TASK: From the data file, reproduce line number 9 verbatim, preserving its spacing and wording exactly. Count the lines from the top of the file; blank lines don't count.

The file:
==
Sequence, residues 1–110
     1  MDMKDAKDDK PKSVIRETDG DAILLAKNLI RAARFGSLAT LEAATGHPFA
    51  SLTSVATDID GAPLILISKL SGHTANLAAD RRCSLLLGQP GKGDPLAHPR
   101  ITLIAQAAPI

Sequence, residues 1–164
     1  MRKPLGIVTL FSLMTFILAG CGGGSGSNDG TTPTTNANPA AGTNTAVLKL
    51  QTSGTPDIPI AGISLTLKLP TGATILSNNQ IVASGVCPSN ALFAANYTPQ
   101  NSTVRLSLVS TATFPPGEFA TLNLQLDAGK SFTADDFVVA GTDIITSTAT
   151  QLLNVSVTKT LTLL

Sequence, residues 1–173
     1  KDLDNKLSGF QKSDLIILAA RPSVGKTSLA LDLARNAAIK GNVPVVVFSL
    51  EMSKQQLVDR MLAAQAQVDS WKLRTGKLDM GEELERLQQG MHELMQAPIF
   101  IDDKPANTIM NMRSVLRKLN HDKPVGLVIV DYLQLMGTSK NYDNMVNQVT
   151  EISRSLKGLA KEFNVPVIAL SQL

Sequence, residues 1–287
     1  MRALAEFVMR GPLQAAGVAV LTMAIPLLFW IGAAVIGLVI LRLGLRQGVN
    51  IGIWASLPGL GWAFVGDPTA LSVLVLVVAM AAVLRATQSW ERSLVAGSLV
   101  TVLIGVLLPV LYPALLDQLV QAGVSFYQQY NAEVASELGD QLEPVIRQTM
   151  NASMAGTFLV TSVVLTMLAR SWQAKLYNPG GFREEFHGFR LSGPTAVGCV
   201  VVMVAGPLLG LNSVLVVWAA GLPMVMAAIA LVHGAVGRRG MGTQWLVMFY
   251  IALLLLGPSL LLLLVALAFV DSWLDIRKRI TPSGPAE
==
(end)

   151  QLLNVSVTKT LTLL